Antonio Manaligod/dose

The pilot just passed out, and you’re in the hot seat.

Our Movie Mythbusters series answers the age-old question, “Okay, but could that actually happen in real life?”

I’m a bad driver. It breaks my heart to admit it, but every time I scrape my car against an inanimate object, a little part of me dies. I feel bad for the car — and my wallet — but more than that, I’m embarrassed that my poor driving skills reinforce negative gender stereotypes.

“I’m not a bad driver because I’m a woman,” I mentally explain to my condescending mechanic. “I’m a bad driver because a bad driver taught me to drive. I just happen to be a woman.”

Though I don’t fare well on the road, I sometimes wonder if I might have better luck in the sky. If nothing else, there are fewer things to hit. And if Hollywood is to be believed, anyone can successfully fly a plane: All it takes is some dire circumstances and a can-do attitude.

I started preparing for this article back in the 90s. | Ilana Gordon

I wanted confirmation that an average Joe could land a plane, so I reached out to one of the oldest pilot schools in the US. The aviation specialist I spoke with asked to remain anonymous — presumably because he didn’t want to be held responsible for any potential crashes that might result from people reading this article.

It was a short conversation. The specialist immediately shot down my theory that any old dummy can land a plane. “You have to have some knowledge about how an airplane works,” he said. “I can’t see the average person getting into the airplane and landing an airplane.”

Better hope one of the snakes on this motherfucking plane has its pilot’s license. |

I think he could sense my disappointment through the phone, because he offered me this analogy. “When you learn to drive, you’ve probably ridden two or 3,000 miles before you got behind the wheel of the car. So you’re somewhat familiar with it, it’s an environment that’s comfortable for you.” He explained that very few people are privileged enough to have grown up around planes, so the experience is not as intuitive.

This made perfect sense to me, but in the spirit of journalistic meticulousness, I forged ahead. “What if,” I asked, “you could get in contact with someone on the ground with aviation experience?”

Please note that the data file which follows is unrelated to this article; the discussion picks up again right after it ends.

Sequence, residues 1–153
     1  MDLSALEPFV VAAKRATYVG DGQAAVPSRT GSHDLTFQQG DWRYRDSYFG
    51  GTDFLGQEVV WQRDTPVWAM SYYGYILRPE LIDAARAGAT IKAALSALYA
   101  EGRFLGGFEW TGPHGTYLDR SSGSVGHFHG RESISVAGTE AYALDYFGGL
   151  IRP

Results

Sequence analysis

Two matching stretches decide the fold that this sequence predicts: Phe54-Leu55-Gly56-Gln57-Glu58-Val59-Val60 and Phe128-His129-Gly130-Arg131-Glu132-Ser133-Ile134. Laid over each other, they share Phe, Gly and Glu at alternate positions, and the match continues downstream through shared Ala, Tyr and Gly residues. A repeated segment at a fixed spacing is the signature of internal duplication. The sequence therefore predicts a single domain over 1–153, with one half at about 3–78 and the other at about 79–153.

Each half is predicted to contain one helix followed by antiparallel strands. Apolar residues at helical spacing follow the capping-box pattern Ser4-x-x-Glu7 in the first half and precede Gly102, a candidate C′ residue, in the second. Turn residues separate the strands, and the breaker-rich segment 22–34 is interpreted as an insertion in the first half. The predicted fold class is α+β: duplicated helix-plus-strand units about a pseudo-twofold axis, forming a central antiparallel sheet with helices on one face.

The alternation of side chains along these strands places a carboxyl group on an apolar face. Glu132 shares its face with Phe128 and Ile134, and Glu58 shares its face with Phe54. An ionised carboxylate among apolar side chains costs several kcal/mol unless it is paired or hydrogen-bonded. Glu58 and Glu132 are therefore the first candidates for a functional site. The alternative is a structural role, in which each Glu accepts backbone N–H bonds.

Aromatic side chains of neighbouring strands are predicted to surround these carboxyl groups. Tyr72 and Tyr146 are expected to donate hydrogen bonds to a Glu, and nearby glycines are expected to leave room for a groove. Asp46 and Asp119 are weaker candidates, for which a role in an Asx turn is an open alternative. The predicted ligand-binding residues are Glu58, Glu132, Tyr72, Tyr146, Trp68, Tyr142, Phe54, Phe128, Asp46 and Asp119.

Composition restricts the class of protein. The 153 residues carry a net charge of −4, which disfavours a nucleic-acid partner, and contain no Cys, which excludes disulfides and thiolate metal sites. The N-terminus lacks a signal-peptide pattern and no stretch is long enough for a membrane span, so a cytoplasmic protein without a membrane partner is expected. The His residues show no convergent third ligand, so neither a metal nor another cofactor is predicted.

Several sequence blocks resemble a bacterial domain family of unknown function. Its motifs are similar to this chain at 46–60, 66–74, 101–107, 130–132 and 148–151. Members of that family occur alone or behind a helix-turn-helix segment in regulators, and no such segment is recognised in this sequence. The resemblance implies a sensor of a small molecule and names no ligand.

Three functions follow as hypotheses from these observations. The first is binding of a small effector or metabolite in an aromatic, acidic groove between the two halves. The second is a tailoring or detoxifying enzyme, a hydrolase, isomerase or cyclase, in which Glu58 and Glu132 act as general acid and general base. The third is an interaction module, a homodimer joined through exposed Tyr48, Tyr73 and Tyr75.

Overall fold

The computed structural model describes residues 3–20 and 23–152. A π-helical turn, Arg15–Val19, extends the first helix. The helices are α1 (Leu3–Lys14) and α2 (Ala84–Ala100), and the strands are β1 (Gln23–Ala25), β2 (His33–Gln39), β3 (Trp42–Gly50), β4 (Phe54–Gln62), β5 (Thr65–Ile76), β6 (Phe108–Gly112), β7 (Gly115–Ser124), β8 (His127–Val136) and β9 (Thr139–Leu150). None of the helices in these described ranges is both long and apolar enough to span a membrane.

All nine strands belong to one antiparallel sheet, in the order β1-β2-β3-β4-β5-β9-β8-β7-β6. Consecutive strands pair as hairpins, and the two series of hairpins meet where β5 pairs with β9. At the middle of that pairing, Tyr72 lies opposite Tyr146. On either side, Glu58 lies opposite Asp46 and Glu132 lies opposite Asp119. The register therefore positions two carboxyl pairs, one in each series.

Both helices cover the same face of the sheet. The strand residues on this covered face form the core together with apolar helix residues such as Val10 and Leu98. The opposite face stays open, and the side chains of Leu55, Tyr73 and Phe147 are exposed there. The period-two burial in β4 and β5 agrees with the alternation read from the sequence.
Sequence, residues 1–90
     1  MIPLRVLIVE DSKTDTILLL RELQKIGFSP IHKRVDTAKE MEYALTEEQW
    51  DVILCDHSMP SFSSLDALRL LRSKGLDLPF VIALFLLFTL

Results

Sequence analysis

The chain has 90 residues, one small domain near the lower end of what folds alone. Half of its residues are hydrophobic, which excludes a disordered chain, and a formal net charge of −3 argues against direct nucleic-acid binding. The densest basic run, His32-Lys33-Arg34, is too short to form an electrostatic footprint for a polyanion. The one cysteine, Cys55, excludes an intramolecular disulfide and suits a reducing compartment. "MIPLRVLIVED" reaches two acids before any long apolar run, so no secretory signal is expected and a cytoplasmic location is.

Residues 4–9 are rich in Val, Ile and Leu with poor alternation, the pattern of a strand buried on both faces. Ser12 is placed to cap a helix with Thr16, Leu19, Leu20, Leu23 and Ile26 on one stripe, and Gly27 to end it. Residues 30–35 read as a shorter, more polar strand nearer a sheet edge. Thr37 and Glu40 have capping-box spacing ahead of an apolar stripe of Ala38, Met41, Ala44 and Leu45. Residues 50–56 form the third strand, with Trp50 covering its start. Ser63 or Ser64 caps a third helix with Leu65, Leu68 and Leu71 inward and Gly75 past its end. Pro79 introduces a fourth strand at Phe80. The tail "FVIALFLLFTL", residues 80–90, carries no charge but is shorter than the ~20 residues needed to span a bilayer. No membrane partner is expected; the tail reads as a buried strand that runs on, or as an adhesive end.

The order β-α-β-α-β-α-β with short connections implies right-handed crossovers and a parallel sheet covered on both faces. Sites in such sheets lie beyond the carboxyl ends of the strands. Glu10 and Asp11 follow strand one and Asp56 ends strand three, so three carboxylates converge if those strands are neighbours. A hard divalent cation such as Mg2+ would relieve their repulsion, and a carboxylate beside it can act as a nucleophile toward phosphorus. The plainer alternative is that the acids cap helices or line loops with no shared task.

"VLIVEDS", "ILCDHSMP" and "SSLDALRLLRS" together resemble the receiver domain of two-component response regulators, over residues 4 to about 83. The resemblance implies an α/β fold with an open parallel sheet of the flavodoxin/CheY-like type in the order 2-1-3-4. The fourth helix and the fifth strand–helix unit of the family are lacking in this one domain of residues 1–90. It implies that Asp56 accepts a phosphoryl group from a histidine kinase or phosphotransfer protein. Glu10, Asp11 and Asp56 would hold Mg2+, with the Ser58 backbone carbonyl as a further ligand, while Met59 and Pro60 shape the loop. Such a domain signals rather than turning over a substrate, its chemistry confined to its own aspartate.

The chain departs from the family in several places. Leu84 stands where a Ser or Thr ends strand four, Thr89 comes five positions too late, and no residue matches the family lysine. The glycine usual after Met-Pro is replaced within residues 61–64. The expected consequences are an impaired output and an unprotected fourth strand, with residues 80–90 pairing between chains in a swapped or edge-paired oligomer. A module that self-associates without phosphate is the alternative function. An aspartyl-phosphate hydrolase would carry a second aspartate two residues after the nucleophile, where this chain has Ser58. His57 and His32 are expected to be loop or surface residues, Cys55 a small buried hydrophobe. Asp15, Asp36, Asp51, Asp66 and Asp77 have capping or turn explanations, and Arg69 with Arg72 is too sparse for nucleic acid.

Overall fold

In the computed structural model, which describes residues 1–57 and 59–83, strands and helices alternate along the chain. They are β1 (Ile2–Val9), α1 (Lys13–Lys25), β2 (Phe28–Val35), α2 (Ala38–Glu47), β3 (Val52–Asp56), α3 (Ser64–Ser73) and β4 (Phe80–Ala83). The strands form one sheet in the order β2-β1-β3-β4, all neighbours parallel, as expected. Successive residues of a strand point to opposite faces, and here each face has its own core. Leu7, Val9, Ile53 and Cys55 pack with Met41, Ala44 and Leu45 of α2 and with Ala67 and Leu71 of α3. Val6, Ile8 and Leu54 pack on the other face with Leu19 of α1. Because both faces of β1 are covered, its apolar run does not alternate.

“There’s no way to teach someone to fly an airplane from the ground,” he answered bluntly. He explained that while controls are standard across similar aircrafts, the controls are sensitive to touch. It would be impossible for someone on the ground to guide a first-time pilot through the process of exerting the correct amount of pressure on each of the specific knobs, levers and switches.

He suggested that, theoretically, a first-time pilot could pilot an aircraft if they had an experienced pilot sitting next to them, guiding them through the experience. But if this was an option — why not just have that person fly the plane themselves?

I hung up the phone, confident in his assessment that while amateur piloting looks good in movies, it’s not feasible in real life. I said goodbye to my (short-lived) dreams of heroically saving a crowded plane from terrorists, disease and aggressive serpents.

Then I found this article from VICE Australia. This pilot takes a more optimistic view of rookies flying planes (his advice is predicated on the assumption that you’d be flying a small, six-seater plane, as opposed to a larger commercial jet). Unlike the guy I spoke to, this pilot advocates immediately radioing for help on the ground. If the plane’s radio is incapacitated, he suggests using your cell phone — provided you can get service.

The Australian pilot believes that, under the right circumstances, a novice pilot can even land a plane (possibly without killing everyone on it)!

An article from Slate also suggests it’s possible that a person with no aviation experience could fly a plane, but argues their success depends on timing. “If both the pilot and co-pilot collapsed during takeoff or landing, a crash would be inevitable.” If, however, the plane was already in the air and on autopilot before the crew became incapacitated, the person taking over might have a chance. Slate writes:

“If a calm passenger stepped into the captain’s seat and quickly managed to establish radio contact, it’s possible that someone on the ground with experience flying that particular model of jet could coach [them] to a clumsy landing.”

As Slate says, “the only time a passenger has ever had to land a commercial jetliner was on a Hollywood soundstage.” But don’t count unlicensed airline passengers out yet — we might still get our shot at Hollywood heroism.